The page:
It seems like everyone out there has been attempting to emulate the most popular tablet/laptop hybrid since the dawn of the Microsoft Surface Pro. The reason consumers have been so consumed with the product has a lot to do with it's successful design in many aspects. For example, the keyboard cover, stylus option, and the ability to switch completely around into any form you need for work or play. The latest Microsoft Surface Pro 4, ranges from $1,299 and up. That is including an amazing pixel count, high memory and graphics, and of course the almighty Intel Core i5 chip. So, with this continual influx of new hybrid PC options to choose from, how do consumers make a decision?
With big names such as the Surface Pro, MacBook, and other high-end popular picks, most tech companies are ultimately aiming to provide similar competency in their machines. When looking for value, and an ultrathin hybrid at the same time, look no further. Acer has come out with a valuable option for a fanless heatsink tablet/hybrid. The new Acer Switch 5 is completely silent, and holds similar specs and performance to what is becoming a surplus of options in the market. The good news is first. The Windows 10 tablet 2-in-1 is already being declared as not only a Surface clone, but just good enough to stand out from the crowd.
With this form-factor, the Acer Switch 5 comes as a tablet, with both a kickstand on the back and attachable keyboard (quite identical to the Surface Pro, as well as the Dell Latitude 5285, a more business-geared machine starting at $1,180). At heart, this is a more polished version of Acer's Switch Alpha 12 from 2016. Here, we will find an updated hinge design, a backlit keyboard, improved performance, and a bundled stylus pen, unlike the Latitude 5285, which had to be sold separately. So the question now, is how much does this new tablet/hybrid do to differentiate itself?
This is the toughest part of reviewing the plethora of new models from all the existing competition these days. What exactly is improvement, and what exactly is better design? In Acer's case, external beauty is not going to be the winning factor here, however the 12-inch Switch 5 does maintain a metallic, robust build, with dimensions of 11.5in x 7.94in x 0.37in, and a weight of 1.98 pounds tablet-alone, and 2.8 pounds with the dock attached. The updated hinge includes a simple snap mechanism, making it easier to adjust the tablet’s standing angle with one hand, by manually popping the device back into its initial upright position. Although this popping situation may sound more convenient, its simplicity could create a less sturdy range of motion. As far as the keyboard and stylus are concerned, a significant change was made by allowing both the tablet and accessories to come in the full package price.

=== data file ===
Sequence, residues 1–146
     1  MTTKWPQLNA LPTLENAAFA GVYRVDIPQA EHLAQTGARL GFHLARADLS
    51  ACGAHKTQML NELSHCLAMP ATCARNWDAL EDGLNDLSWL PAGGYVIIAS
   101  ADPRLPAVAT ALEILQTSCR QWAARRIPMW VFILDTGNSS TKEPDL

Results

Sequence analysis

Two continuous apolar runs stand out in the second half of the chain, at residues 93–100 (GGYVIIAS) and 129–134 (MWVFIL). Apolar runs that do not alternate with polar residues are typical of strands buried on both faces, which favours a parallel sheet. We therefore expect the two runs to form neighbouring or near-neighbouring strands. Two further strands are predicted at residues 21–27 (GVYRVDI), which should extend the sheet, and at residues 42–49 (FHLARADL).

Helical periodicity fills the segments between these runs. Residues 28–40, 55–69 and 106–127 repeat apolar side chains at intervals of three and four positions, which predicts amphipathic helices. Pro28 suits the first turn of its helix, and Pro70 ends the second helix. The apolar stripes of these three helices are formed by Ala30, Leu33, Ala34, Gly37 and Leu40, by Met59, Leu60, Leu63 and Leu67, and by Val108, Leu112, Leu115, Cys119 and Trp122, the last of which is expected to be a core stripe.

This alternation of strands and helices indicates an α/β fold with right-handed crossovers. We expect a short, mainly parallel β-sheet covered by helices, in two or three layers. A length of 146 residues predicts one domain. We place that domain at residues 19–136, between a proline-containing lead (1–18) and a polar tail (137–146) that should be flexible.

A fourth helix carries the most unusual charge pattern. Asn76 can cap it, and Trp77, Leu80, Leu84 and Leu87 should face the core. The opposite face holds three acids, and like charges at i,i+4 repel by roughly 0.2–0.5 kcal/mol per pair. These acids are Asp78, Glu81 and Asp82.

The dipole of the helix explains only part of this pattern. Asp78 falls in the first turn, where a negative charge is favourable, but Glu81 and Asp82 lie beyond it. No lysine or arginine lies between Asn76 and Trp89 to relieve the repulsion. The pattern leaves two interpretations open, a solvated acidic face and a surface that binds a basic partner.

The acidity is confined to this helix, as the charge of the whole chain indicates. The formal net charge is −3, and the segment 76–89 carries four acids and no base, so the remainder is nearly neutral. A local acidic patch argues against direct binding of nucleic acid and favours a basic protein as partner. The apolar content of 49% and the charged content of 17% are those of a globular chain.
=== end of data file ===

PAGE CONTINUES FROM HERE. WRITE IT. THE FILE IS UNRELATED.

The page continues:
Finally, internal specs. The 12-inch tablet features a sharp 2160 x 1440 LCD screen, and yes, this high pixel count is a competitive aspect of this new model when making comparisons in the current market. Another advantage, quite possibly a significant selling point, is the passively-cooled CPU, running incredibly quiet inside. The featured processor is Intel’s Kaby Lake-R i5-7200U (2.5GHz/3.1GHz Turbo), an Intel HD 620 graphics card, 8GB of LPDDR3 RAM, and 256GB of M.2 80 mm NVMe storage. As far as I/O, it includes Wi-Fi, and Bluetooth 4.1; as well as 1 USB-A 3.0, 1 USB-C 3.1, a microphone/heaphone jack, and a microSD card reader. The lack of Thunderbolt 3 is always a bummer, but remember a USB-C will always be there for hooking up peripherals, like a 4K screen, etc. Finally, as far as its 39Wh battery (smaller than some competition and larger than others), it withstands up to 10.5 hours. Paired with the dual-core i5 processor, and Intel HD 620 GPU, the result should allow fast, and long lengths of multitasking. Furthermore, because it runs off Windows 10, programs that require more power, such as Photoshop or even light gaming, are completely feasible heavier loads. Arriving in June, the Acer Switch 5 will start at $800.